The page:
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16-in-1 BOXED SET ALERT! 3,595 Pages! Louisa May Alcott: 16 Novels in One Volume by Louisa May Alcott

Family Book of The Day:

Louisa May Alcott: 16 Novels in One Volume (Illustrated Edition)

by Louisa May Alcott
4.1 stars – 6 reviews
Supports Us with Commissions Earned
Text-to-Speech: Enabled
Here’s the set-up:

This carefully edited collection of Louisa May Alcott has been designed and formatted to the highest digital standards and adjusted for readability on all devices.

  • Biography

Louisa May Alcott: Her Life, Letters, and Journals

  • Novels

Little Women
Good Wives
Little Men
Jo’s Boys
The Mysterious Key and What It Opened
An Old Fashioned Girl
Work: A Story of Experience
Eight Cousins; or, The Aunt-Hill
Rose in Bloom: A Sequel to Eight Cousins
Under the Lilacs
Jack and Jill: A Village Story
Behind a Mask, or a Woman’s Power
The Abbot’s Ghost, Or Maurice Treherne’s Temptation
A Modern Mephistopheles
Pauline’s Passion and Punishment

Louisa May Alcott (1832-1888) was an American novelist and poet best known as the author of the classic Little Women and its sequels Little Men and Jo’s Boys. Alcott was an abolitionist and a feminist.

Today’s Book of The Day is sponsored by this week’s Kids’ eBook of The Week:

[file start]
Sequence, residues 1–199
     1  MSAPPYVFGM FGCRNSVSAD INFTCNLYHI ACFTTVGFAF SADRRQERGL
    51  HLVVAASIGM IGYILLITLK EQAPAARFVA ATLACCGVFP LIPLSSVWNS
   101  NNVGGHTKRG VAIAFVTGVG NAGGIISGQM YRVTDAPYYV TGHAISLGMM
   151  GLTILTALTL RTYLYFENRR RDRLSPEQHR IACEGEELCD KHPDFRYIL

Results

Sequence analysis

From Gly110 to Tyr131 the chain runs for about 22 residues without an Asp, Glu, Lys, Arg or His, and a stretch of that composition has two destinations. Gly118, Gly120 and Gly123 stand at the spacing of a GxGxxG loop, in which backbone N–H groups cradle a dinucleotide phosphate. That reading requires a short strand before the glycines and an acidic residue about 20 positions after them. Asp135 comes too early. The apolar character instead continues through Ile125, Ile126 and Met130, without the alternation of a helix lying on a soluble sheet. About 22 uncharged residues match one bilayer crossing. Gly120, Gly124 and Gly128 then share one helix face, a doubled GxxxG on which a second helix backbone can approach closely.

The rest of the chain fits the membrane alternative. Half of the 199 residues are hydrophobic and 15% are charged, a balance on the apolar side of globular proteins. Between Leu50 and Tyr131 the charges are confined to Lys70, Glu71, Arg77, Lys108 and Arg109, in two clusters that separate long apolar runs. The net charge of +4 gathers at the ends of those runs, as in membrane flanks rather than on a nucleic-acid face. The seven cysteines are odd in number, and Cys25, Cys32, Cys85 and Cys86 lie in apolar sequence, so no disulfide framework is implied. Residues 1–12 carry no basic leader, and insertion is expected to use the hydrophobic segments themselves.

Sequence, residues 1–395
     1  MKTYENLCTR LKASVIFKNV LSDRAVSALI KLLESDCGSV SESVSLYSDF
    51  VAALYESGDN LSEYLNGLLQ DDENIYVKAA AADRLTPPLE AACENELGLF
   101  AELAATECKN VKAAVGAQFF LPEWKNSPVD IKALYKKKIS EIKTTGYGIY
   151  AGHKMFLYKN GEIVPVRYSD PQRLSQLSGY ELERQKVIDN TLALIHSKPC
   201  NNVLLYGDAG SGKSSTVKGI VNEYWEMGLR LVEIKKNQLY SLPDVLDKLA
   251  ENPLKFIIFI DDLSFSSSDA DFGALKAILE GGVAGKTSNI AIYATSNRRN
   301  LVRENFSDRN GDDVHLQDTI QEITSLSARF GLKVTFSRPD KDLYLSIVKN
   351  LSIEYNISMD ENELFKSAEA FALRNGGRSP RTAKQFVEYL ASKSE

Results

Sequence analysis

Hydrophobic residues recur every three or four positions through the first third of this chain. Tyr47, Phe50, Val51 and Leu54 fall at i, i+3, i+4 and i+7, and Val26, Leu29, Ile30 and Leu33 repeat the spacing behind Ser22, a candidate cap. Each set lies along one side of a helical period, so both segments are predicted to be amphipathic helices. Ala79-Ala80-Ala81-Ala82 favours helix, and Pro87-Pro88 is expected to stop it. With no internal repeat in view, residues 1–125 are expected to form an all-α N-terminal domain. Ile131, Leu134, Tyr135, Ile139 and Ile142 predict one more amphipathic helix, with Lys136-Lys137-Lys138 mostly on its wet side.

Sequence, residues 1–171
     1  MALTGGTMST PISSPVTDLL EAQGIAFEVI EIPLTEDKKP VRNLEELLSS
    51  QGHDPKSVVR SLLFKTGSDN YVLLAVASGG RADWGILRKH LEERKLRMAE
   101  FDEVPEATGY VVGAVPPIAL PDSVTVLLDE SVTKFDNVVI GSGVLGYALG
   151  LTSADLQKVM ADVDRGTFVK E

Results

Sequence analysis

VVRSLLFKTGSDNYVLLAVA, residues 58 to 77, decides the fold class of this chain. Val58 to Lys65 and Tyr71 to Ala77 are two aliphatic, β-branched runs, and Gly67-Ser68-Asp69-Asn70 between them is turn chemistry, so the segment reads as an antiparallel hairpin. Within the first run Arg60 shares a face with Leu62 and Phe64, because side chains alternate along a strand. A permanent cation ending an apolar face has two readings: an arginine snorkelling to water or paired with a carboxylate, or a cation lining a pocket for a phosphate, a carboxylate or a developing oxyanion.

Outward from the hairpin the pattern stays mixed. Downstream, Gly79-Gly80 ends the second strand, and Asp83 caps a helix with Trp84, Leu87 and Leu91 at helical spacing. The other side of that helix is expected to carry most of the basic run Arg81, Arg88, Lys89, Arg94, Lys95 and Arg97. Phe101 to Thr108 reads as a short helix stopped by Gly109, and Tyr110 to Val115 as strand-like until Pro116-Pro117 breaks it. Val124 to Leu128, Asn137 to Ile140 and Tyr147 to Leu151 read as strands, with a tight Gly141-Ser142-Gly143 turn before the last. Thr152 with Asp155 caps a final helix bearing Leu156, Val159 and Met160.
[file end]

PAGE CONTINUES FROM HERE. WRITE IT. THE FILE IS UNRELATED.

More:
Harriet the Spy

by Louise Fitzhugh
4.7 stars – 1,516 reviews
Supports Us with Commissions Earned
Text-to-Speech: Enabled
Here’s the set-up:
It’s no secret that Harriet the Spy is a timeless classic that kids will love! Every day can be an adventure if you just look carefully enough!

Harriet M. Welsch is a spy. In her notebook, she writes down everything she knows about everyone, even her classmates and her best friends. Then Harriet loses track of her notebook, and it ends up in the wrong hands. Before she can stop them, her friends have read the always truthful, sometimes awful things she’s written about each of them. Will Harriet find a way to put her life and her friendships back together?”What the novel showed me as a child is that words have the power to hurt, but they can also heal, and that it’s much better in the long run to use this power for good than for evil.”—New York Times bestselling author Meg Cabot

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